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Craftsman 113 table saw upgrades.... #1: Not a true blog...

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Blog entry by rhybeka posted 05-03-2014 01:57 AM 1248 reads 1 time favorited 13 comments Add to Favorites Watch
no previous part Part 1 of Craftsman 113 table saw upgrades.... series Part 2: Fence »

I’m feeling a bit overwhelmed looking at all of the possible/plausible/necessary upgrades that I need/want to do to my table saw (and other tools but this one takes precedence). So I thought well… I should probably put them in some kind of order – not necessarily in any order – maybe somewhat necessity? As a newb, I just want to make sure my equipment is running as well and as safely as it possibly can. It’s already in great condition for it’s age and I’d like to make sure it stays that way while I keep all my digits enact. :) I’m open to opinions as to changing the order or changing items in the list out for other things. If it can be useful to others – great! or even spark discussion – I’m cool with that as well. That or this blog will be my personal notepad. :) So here goes :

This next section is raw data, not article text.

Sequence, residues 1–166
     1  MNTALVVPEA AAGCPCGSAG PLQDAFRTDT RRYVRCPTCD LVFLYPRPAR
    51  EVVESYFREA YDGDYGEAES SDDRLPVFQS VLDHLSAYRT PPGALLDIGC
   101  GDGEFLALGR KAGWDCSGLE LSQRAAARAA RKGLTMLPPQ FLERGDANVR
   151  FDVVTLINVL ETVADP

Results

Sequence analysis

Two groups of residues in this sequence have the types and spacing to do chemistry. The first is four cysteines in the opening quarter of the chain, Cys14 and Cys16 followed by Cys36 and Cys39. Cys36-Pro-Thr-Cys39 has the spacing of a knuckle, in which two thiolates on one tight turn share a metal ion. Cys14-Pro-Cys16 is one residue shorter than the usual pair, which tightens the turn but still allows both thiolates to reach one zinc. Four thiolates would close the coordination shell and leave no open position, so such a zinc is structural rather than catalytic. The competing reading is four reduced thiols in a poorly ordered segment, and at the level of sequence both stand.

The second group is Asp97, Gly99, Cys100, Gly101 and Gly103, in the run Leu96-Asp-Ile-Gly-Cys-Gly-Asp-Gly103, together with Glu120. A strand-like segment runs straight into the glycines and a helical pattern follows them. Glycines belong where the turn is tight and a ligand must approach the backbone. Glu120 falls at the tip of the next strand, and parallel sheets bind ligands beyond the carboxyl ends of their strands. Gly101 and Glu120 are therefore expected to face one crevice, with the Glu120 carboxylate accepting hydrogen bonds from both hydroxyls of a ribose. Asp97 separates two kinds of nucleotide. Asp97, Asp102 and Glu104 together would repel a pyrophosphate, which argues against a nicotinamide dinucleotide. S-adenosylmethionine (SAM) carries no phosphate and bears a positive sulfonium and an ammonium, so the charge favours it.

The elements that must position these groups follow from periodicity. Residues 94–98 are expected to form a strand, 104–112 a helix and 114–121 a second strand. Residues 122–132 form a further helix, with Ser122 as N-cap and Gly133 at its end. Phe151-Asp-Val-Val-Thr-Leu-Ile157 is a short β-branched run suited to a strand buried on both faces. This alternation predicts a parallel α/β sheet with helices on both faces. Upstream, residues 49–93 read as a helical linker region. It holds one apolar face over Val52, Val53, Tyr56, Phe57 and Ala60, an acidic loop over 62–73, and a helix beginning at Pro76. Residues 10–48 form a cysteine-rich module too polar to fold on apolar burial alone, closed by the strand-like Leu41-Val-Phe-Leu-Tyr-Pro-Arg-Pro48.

1. V-link Belt (Harbor Freight or Rockler)

2. New splitter/anti-kickback pawls/etc a. Shark guard waiting list

3. New Blades (freud most likely) a. Combination (thin kerf) b. Cross Cut (thin kerf) c. Rip (thin Kerf)

4. New Fence (stock fence currently a. Vega 40 b. DIY my own (per other LJ blogs)

5. ZCI inserts

6. Micro-Jig Gripper

7. Miter Gauge a. Low level Incra

8. Cross Cut sled

-- aspiring jill of all trades



13 comments so far